This post was written by guest contributor Sabra Brock, Interim Dean of the Graduate School of Business. This post originally appeared on LinkedIn.
I love the concept of Learned Optimism. It is the idea that you can learn how to increase your moments of happiness. Martin Seligman introduced the concept in 1990 when he was president of the American Psychological Association. Up to that point APA presidents had taken on research focused on disease. He focused on health, specifically happiness and optimism.
What did he and the psychological community find out about how to be happier? How are optimists different? They are more confident and resilient, healthier and higher achieving. It wasn’t just that people who had these characteristics had something to be happy about. It was more that they thought about external events differently. Optimists tend to believe that bad events to be more temporary than permanent. They are more likely to compartmentalize failure, while pessimists generalize failure in one area as failure in life as a whole. But optimists allow positive events to brighten every area of their lives. They are likely to blame bad events on external causes, while pessimists blame themselves. Have you ever caught yourself saying something like “I failed this test, therefore I must be a failure?” That’s the voice in your head where you want to turn down the volume.
Seligman’s process of learning optimism is based on a new way of responding to adversity. When something bad happens, you create a new voice in your head. I think of it as the good angel on my right shoulder responding to the bad angel on my left. The example given in his Learned Optimism book is when someone cuts you off in traffic. You think, “I can’t believe that idiot was so rude and selfish!” Learned optimism self-talk could go, “I am overreacting. I don’t know what situation he is in. Maybe he is on his way to his daughter’s piano recital and is running late. I’m sure I have cut people off before without meaning to, so I should really cut him a break. I am not in a hurry anyway.”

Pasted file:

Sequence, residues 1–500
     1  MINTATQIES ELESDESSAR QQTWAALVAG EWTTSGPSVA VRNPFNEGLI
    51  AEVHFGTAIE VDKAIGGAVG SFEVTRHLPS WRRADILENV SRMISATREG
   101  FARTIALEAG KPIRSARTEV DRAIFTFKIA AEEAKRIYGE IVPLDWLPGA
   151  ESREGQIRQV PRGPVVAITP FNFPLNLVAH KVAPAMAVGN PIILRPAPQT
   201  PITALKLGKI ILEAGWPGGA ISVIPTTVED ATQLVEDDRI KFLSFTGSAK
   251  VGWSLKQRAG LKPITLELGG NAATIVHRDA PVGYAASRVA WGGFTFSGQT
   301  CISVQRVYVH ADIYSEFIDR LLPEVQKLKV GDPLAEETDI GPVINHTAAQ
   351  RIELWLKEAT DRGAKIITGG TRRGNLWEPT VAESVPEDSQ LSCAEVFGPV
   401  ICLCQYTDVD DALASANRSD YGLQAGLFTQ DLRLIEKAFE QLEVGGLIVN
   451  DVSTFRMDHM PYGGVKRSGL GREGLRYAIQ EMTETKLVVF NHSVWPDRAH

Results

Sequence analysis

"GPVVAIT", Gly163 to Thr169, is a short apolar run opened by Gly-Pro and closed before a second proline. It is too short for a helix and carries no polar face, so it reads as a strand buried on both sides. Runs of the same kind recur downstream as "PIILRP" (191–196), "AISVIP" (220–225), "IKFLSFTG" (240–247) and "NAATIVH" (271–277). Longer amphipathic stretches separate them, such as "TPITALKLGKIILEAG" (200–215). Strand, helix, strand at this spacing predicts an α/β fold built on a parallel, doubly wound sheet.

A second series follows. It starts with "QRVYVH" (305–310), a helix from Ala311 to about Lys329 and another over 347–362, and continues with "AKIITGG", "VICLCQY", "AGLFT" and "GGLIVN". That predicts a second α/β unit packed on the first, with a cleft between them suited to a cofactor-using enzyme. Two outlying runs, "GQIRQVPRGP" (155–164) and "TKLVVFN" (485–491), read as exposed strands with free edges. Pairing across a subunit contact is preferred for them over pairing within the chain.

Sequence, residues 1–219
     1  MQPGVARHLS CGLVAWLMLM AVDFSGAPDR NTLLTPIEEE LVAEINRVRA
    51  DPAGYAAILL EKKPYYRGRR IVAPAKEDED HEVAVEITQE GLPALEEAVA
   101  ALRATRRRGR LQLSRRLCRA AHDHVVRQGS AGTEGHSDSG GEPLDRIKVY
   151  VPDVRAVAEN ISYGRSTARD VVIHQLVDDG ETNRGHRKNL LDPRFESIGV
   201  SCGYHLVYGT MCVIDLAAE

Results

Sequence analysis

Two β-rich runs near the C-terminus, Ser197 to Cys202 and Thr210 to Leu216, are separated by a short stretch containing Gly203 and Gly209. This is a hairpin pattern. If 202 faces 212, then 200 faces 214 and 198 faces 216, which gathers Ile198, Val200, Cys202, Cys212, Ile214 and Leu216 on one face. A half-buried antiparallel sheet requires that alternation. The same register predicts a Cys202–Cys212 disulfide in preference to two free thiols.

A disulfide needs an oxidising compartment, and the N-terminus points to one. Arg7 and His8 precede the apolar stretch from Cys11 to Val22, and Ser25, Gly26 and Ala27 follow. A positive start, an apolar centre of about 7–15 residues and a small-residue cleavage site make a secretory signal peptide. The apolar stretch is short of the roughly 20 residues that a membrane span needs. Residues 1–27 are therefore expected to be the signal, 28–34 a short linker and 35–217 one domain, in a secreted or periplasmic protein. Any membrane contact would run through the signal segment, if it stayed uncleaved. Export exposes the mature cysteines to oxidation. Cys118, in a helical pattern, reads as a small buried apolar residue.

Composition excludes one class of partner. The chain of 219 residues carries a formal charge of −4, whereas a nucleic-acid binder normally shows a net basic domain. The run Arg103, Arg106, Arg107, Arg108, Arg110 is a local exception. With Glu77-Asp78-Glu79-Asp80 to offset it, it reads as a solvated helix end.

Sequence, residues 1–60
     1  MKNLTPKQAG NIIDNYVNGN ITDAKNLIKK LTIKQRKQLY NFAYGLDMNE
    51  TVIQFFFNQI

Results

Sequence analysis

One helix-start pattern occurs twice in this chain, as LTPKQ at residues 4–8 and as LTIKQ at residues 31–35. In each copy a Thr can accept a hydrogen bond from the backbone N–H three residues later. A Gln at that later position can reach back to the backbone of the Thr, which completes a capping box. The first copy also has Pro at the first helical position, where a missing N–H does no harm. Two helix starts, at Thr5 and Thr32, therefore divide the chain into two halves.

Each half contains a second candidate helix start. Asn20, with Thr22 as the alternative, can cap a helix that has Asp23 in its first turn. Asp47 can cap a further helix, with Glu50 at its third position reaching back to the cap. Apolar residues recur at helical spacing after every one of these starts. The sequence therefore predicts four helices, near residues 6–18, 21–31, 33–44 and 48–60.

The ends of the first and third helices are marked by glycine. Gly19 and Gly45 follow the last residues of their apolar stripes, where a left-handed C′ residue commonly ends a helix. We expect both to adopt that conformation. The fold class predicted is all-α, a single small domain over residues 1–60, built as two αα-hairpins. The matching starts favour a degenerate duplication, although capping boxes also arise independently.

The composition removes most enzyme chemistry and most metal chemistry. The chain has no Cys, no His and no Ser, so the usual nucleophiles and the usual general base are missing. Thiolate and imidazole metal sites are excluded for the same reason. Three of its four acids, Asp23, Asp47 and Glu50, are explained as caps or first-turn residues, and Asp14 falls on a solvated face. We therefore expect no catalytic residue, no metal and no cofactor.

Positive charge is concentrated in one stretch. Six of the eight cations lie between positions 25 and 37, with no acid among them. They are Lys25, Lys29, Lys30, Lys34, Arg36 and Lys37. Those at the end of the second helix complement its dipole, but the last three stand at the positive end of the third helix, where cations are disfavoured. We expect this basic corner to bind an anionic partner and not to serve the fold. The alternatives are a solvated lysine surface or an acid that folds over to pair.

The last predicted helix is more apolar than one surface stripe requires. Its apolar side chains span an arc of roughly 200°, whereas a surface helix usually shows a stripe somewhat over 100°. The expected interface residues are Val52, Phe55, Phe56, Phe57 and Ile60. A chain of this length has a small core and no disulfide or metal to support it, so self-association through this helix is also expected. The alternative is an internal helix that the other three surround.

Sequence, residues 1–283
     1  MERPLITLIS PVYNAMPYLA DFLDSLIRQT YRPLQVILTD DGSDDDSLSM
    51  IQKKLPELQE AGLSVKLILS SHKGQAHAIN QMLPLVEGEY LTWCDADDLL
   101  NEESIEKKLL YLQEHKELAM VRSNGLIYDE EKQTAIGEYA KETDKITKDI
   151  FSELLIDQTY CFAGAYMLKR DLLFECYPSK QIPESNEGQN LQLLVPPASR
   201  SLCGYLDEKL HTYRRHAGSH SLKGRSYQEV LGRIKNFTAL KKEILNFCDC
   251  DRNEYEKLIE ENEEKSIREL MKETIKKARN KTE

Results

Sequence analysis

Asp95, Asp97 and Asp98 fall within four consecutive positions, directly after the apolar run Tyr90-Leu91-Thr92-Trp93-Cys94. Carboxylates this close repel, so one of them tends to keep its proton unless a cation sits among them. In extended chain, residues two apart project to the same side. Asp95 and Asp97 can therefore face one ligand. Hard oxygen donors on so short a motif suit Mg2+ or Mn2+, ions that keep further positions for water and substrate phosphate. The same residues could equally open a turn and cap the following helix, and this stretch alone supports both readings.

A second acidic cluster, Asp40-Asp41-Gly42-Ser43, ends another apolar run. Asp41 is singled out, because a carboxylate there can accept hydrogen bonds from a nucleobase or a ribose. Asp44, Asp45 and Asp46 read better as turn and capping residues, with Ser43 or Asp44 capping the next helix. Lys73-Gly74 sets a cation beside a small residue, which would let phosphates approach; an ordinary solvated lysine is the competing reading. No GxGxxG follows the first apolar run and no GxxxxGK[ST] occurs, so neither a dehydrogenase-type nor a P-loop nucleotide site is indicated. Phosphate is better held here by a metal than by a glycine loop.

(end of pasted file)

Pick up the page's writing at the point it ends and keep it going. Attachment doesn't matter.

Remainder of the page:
The flight into happiness needs to take off from a solid foundation of positive self-talk, seeing the beauty and goodness of the world around you, celebrating and consciously observing it.
Boniwell, I. (2012). Positive psychology in a nutshell: The science Of happiness (3rd Edition). Maidenhead, GBR: Open University Press.
Carr, A. (2013). Positive psychology: The science of happiness and human strengths (2nd Edition). Florence, KY: Routledge.
Edelman, S. (2012). Happiness of pursuit: What neuroscience can teach us about the good life. New York, NY: Basic Books.
Seligman, M. E. P. (2006). Learned optimism: How to change your mind and your life. New York, NY: Vintage Books.